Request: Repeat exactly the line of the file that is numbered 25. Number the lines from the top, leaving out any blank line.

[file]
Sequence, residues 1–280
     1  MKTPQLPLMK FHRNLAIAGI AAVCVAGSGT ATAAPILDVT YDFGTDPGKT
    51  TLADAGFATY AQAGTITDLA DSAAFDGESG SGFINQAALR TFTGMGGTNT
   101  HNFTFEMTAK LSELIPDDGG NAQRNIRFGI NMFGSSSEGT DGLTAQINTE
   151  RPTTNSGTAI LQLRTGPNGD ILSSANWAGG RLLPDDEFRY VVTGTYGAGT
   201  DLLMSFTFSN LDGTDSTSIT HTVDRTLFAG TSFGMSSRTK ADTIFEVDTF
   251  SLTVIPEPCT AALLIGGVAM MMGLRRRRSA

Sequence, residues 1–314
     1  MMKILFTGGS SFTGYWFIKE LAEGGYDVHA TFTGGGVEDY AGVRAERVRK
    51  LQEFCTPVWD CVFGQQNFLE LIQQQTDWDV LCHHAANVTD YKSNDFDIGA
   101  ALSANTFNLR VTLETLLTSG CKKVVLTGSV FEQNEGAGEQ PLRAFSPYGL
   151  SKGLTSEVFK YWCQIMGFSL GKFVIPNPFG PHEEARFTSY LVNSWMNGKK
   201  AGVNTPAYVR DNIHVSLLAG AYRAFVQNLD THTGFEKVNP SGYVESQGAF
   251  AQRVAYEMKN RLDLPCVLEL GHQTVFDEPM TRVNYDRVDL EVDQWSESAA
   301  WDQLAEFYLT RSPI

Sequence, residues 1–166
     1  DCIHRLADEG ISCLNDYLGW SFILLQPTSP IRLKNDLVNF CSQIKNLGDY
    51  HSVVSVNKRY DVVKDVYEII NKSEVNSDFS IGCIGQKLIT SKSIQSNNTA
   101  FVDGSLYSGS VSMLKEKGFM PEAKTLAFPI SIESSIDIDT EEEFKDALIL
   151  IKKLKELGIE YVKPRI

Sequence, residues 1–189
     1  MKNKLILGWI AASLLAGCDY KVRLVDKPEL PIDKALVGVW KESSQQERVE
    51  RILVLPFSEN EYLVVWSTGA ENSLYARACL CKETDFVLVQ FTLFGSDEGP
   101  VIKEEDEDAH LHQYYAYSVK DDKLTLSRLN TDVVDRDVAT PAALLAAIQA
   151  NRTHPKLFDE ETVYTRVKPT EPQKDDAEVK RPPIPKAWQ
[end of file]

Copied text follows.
   151  NRTHPKLFDE ETVYTRVKPT EPQKDDAEVK RPPIPKAWQ